New research from the National Science Foundation suggests a warming Earth could mean a significant increase in voracious, plant-eating insects.
Scientists studying the Paleocene-Eocene Thermal Maximum (PETM), a period about 55 million years ago when global carbon dioxide levels spiked rapidly, found that plant fossils from that time show noticeably more insect damage than plants from before or after the PETM. They found no evidence that the plants themselves had become more appetizing to insects, or that insect species themselves changed. Rather, it appears that the PETM simply was a time when insects became more voracious and destructive.
Part of the reason might be that plants grown in high-carbon dioxide conditions are less nutritious than they otherwise would be. Some scientists have speculated that might have been the reason dinosaurs grew so large: to be able to take in large enough volumes of plant material to sustain them.
The high-temperature PETM lasted about 100,000 years.
“Our study convincingly shows that there is a link between temperature and insect feeding on leaves,” said Ellen Currano, the study’s lead author and a researcher with Pennsylvania State University and the Smithsonian Institution. “When temperature increases, the diversity of insect feeding damage on plant species also increases.”
Today’s tropics already illustrate that phenomenon, as insects there eat more plants than do their temperate-zone counterparts. Insects are also among the warm-weather species now expanding their ranges as average temperatures around the globe rise.
The researchers’ findings suggest that insects could wreak greater damage to crops and forests around the planet as the climate continues to change.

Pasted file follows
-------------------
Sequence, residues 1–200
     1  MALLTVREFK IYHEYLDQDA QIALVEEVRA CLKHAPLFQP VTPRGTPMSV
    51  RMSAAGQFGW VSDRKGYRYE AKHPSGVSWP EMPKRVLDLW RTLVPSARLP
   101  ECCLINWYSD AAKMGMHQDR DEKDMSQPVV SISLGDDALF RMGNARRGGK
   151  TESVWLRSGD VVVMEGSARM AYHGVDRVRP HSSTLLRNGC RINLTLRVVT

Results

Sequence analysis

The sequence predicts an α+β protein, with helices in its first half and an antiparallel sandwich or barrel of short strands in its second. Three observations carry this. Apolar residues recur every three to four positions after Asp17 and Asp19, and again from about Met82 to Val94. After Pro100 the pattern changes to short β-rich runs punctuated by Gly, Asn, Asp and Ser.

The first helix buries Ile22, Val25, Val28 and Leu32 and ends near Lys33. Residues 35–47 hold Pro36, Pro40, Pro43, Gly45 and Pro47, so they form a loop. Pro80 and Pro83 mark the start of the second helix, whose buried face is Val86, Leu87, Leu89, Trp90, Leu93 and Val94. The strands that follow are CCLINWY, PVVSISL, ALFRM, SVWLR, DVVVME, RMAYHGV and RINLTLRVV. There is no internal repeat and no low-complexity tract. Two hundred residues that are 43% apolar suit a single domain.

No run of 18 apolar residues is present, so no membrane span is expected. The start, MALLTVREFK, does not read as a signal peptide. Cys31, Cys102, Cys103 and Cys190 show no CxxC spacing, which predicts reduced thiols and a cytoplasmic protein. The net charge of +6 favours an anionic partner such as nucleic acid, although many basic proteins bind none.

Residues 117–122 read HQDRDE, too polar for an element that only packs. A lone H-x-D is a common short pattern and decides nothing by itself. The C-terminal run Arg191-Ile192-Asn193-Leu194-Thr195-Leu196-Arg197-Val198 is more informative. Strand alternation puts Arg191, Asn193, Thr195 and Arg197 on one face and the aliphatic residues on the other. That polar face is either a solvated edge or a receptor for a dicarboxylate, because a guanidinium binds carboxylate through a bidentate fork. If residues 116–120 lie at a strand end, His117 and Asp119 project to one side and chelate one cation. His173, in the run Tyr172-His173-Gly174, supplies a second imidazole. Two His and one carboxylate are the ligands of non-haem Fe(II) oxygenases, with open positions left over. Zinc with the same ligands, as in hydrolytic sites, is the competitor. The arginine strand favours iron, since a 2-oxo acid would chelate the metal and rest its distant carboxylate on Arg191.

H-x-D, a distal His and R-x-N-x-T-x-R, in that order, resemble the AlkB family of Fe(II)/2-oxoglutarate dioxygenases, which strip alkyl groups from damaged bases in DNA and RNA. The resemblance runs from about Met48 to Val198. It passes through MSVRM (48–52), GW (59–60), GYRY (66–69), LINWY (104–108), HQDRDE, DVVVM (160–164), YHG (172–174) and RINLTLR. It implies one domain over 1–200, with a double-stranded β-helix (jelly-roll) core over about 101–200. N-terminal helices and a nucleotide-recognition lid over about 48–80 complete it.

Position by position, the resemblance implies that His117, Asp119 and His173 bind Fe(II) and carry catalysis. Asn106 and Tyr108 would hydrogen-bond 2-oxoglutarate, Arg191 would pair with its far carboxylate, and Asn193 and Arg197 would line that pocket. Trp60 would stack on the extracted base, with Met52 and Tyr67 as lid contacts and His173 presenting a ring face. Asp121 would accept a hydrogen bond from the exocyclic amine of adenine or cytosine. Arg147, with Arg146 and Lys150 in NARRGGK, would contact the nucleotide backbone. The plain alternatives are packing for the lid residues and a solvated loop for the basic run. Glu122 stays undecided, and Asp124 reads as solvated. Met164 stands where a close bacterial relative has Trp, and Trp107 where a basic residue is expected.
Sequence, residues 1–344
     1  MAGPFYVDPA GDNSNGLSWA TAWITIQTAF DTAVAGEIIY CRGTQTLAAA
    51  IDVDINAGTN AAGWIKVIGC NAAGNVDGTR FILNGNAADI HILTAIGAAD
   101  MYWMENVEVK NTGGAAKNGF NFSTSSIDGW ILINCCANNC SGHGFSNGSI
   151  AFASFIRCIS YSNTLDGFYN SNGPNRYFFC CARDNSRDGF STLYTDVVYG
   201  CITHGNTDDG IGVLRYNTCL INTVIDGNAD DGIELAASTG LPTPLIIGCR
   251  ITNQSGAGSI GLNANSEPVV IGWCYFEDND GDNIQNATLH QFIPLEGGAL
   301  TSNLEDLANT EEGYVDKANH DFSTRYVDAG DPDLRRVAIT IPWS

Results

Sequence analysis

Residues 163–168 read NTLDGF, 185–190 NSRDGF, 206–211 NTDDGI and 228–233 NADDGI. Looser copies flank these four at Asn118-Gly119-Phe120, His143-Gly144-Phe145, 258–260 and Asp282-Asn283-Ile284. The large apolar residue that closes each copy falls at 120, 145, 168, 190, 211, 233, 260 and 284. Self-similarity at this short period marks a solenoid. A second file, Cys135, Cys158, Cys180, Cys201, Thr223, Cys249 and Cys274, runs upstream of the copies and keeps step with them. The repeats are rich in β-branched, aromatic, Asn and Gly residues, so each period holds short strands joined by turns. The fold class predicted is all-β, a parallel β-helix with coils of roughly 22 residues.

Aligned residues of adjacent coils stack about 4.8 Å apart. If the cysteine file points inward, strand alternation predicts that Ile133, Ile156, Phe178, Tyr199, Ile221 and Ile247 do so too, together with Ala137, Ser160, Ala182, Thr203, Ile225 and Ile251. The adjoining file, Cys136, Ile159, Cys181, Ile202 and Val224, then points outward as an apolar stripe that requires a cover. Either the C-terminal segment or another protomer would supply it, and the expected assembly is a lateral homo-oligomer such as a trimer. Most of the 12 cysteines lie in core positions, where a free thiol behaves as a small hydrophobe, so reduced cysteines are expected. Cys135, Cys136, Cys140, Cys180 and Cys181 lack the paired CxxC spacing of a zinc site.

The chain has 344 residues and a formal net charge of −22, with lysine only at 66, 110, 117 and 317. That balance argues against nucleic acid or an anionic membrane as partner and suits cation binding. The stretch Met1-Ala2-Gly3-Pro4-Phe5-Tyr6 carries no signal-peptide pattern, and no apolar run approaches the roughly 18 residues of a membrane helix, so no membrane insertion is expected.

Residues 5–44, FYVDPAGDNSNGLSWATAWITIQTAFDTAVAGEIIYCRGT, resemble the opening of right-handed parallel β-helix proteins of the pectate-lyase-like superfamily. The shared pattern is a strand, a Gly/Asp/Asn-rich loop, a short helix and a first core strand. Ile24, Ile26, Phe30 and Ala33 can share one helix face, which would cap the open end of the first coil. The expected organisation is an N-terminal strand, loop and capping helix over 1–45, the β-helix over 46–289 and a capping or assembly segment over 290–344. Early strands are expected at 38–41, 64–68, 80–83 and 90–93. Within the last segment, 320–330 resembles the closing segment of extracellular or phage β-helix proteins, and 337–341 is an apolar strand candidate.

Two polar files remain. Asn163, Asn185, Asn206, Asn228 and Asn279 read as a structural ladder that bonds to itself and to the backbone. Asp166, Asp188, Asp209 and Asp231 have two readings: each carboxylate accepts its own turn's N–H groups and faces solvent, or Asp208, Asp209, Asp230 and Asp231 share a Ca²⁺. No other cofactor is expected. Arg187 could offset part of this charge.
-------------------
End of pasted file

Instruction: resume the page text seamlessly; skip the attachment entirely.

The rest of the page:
Shirley Siluk Gregory, a transplanted Chicagoan now living in Northwest Florida, represents the progressive half of Green Options' Red, Green and Blue segment. She holds a bachelor's degree in Geological Sciences from Northwestern University but graduated in 1984, just when the market for geologists was flatter than the Florida landscape. Just as well, though: she had little interest in spending her life either in a laboratory or, heaven forbid, an oil field. So, of course, she went into journalism. After extremely low-paying but fun and educational stints at several suburban Chicago weeklies and dailies, Shirley and her then-boyfriend/now-husband Scott found themselves displaced by a media buyout and spending the next several years working as freelancers. Among their credits: The Chicago Tribune, a publication for the manufactured-housing industry, and Web Hosting Magazine, a now-defunct publication that came and went with the dotcom era. Shirley's always been concerned about nature and conservation (and an avid pack-rat, as her family can attest to), but became even more rabidly interested in the environment primarily due to two factors: the growing signs that global warming was real and threatening, and the birth of her son, Noah, in 2003. Suddenly, the prospect of a world that might not be quite as habitable in 40 or 50 years took on a whole new, and personal, meaning. Living where she lives now also helped light the fire of Shirley's environmental awareness: her hometown was severely damaged by Hurricane Ivan in 2004, and beaten up again by Hurricane Dennis in 2005. That, and the fact that she and her family were vacationing in New Orleans until the day before Katrina -- and spent 12 hours driving home for a trip that normally takes 3 -- has made Shirley deeply appreciate how fragile our lifestyles are, and how dependent they are on sound management of natural resources and sustainable living practices. That's why she's become a passionate reader and writer about all things green and sustainable.